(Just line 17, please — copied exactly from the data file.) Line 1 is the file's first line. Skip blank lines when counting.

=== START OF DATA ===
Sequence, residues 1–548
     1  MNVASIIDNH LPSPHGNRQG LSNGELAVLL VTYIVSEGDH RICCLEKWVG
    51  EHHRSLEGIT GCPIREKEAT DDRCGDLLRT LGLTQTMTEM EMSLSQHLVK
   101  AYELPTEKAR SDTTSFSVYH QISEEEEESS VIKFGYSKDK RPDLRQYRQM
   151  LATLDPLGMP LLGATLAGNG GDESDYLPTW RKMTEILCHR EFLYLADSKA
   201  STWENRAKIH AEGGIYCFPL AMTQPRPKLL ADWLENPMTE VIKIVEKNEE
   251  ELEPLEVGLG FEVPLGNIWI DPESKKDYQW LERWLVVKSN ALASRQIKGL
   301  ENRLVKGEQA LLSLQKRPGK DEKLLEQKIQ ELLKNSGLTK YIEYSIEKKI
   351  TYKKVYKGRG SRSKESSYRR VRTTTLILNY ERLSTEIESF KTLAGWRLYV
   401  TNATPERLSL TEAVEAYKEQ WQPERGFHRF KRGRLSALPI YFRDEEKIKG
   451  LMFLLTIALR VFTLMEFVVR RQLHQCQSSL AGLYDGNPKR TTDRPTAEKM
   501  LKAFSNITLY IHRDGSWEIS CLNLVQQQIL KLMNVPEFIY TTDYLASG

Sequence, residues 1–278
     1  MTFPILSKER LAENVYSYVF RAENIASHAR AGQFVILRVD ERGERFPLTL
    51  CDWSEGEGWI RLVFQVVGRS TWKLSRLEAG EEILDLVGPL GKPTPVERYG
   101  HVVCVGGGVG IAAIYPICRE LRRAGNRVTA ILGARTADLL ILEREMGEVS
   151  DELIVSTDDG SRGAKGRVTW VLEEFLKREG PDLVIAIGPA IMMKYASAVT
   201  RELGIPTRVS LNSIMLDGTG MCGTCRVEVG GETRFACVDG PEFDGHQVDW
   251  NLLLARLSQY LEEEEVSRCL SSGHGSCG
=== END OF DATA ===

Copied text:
   151  DELIVSTDDG SRGAKGRVTW VLEEFLKREG PDLVIAIGPA IMMKYASAVT